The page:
Before Deford, 77, began serving as the weekly sports commentator for National Public Radio in 1980, he was renowned for pioneering longform sportswriting in Sports Illustrated.
Fast-forward to 2016. Deford has pared down his on-air work for NPR to once a month. "But I will always write. Writing is an infusion for me, and I think I will write until they put me in assisted living,'' said Deford, who is also well-known for penning Everybody's All-American (turned into a 1988 movie starring Jessica Lange and Dennis Quaid) and Alex: The Life of a Child (the story of his daughter, Alexandra, who died of cystic fibrosis in 1980). Add to that this month's release of I'd Know That Voice Anywhere, a collection of his NPR essays, as well as an upcoming novel Deford describes as a post-World War II family saga.
Among his many honors, Deford is the recipient of the 2012 National Humanities Medal (received from President Barack Obama "for transforming the way America thinks about sports''), the 2013 PEN/ESPN Lifetime Achievement Award for Literary Sports Writing and a 1988 Emmy for his writing during the Seoul Olympics. We caught up with Deford, who divides his time between New York City and Key West, by phone on June 8.
What's on your nightstand?
I am just finishing Dimestore by Lee Smith. It's a memoir. And right before that I read Mary Beard's SPQR. It was good. It is about the Roman Empire.
How did you come across Dimestore?
My wife recommended it. After a long history book, it was very attractive. It is a memoir on writing. I'm an eclectic reader. I also recently tackled Middlemarch. I enjoyed it, but maybe they could've taken out a few pages. I'm glad I read it. I try to read some of the things that I've missed along the way that I should have read.
What sports journalist is at the top of your list?
It's interesting. It used to be that you would identify sports journalists through magazines, either writing columns for places like Sports Illustrated or newspapers, and now you go online, to blogs and other places. It's not as easy to tell who the good ones are. I think I would say, though, one of the best writers is Tom Verducci, who writes on baseball for Sports Illustrated. What I find amazing about Tom is that he not only is a fine writer but he knows the sport so well. To me, he's a double threat. He's such a student of the game, and he also has great writing ability.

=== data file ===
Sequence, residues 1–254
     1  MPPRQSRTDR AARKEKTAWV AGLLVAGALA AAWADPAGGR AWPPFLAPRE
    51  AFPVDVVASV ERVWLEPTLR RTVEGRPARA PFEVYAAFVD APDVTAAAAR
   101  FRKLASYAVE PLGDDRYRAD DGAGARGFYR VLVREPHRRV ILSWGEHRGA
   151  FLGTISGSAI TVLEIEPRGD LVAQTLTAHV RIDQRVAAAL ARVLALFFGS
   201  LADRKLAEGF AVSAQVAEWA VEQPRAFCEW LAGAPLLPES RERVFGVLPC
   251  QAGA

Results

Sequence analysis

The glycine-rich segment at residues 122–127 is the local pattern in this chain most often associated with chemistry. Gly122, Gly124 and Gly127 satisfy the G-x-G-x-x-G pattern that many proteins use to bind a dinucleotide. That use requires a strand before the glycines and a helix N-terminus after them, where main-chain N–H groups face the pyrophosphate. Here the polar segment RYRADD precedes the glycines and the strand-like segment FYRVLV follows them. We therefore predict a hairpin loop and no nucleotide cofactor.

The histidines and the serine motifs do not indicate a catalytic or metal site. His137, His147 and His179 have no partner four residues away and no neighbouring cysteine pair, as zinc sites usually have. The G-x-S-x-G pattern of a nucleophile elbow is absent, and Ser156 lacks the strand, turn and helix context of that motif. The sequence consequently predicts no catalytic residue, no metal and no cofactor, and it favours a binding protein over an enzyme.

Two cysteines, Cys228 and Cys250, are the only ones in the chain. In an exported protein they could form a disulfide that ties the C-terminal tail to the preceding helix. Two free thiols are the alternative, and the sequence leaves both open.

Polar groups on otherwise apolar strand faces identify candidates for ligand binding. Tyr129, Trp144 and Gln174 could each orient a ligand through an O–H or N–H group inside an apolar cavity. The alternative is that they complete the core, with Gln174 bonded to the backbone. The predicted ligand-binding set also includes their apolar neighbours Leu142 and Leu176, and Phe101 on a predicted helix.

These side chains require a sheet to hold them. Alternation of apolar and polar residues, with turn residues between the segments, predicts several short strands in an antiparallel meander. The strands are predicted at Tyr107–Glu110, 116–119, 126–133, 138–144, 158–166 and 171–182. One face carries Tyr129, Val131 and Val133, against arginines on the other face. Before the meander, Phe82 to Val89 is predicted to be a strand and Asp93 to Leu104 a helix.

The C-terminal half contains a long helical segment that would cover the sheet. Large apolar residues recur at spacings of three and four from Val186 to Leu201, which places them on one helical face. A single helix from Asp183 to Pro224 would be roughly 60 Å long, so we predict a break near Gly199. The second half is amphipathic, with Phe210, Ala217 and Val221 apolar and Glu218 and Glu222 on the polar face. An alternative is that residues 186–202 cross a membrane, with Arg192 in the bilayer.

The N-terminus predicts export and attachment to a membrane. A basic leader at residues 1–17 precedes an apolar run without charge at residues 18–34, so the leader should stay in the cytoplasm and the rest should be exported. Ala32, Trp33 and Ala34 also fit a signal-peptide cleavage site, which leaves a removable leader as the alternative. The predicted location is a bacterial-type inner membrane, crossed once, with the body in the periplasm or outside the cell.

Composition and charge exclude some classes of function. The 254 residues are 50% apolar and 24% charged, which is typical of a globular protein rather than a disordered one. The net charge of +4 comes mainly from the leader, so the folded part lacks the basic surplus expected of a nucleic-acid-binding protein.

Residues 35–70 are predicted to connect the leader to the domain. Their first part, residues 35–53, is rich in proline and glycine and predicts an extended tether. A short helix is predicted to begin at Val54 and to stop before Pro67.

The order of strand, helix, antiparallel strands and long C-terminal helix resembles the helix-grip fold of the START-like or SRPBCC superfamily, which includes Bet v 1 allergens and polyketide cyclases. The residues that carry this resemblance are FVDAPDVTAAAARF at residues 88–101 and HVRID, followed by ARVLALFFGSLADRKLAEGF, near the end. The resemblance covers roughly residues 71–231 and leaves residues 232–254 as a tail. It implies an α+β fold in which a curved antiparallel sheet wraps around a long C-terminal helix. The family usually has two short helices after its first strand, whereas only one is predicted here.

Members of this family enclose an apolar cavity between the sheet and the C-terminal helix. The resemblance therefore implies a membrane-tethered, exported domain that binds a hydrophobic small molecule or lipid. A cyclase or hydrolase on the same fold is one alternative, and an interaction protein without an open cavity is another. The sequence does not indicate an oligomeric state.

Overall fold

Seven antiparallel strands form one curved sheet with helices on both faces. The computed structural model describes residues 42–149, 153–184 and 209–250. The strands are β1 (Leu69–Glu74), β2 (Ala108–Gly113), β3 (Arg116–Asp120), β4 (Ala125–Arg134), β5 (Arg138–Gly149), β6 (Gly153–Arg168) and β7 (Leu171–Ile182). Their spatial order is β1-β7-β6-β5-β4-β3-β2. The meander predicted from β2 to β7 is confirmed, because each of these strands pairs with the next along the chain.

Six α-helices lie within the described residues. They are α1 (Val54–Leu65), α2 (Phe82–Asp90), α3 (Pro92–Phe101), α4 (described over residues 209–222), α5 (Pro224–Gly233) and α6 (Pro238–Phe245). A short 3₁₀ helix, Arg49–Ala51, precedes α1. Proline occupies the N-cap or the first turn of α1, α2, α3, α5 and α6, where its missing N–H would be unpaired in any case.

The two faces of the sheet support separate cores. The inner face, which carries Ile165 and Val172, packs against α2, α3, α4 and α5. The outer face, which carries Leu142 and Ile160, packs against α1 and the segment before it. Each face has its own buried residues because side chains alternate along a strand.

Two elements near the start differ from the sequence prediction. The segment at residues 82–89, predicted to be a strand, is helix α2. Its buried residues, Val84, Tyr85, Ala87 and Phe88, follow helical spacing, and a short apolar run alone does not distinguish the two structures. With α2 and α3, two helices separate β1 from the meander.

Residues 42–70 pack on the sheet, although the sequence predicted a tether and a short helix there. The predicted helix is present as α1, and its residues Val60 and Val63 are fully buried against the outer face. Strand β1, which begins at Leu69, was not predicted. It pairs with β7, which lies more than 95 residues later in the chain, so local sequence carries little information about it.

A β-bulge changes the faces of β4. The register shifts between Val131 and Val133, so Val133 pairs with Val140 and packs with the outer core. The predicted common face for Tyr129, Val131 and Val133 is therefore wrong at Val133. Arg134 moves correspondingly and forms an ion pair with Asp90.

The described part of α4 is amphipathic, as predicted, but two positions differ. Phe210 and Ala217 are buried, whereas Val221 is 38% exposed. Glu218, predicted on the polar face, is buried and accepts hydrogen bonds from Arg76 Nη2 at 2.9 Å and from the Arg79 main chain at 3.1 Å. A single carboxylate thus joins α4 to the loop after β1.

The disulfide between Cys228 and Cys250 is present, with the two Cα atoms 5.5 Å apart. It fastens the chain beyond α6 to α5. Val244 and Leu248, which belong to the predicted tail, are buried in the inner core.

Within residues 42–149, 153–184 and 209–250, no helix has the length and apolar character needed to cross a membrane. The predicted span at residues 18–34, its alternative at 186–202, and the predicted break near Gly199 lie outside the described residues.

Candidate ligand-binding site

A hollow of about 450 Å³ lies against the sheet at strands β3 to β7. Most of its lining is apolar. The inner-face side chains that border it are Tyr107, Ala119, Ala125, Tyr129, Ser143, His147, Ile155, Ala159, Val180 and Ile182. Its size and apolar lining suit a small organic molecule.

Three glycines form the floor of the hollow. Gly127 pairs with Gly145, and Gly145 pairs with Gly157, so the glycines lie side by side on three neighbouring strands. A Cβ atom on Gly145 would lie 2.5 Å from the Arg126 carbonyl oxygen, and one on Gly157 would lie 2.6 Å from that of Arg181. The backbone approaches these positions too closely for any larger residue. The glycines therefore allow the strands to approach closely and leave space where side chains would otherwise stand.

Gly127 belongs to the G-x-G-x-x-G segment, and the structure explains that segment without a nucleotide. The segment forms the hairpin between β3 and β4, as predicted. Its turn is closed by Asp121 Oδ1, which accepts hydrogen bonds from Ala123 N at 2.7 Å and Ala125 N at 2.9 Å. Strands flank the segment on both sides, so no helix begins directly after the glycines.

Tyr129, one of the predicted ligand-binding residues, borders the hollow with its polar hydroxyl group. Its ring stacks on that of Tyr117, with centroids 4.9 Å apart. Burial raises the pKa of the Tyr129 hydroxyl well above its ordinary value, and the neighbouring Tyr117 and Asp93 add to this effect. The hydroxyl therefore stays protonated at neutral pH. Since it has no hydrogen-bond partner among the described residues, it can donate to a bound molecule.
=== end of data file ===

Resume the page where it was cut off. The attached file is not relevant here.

Since I'm speaking to you so soon after the death of Muhammad Ali, I wanted to get your thoughts.
I was not the least bit surprised Ali had died. We had known for quite some time how sick he was. He'd been in a bad way for many years. I'm surprised he lived as long as he did, and so my first reaction was just that I'm not surprised, and if anything, I'm glad that he's out of his pain. I imagine for a guy like him to lose both his body and his voice, it was very hard for him, and I think it was all the blows he took during his profession. One time, six or seven of us were having dinner, and he literally went to sleep with his head on my wife's shoulder, and I think it was because he couldn't participate in the conversation. He was just cheated out of so many years. So, my feeling when I heard was Godspeed.
Contact Piper Castillo at firstname.lastname@example.org. Follow @Florida_PBJC.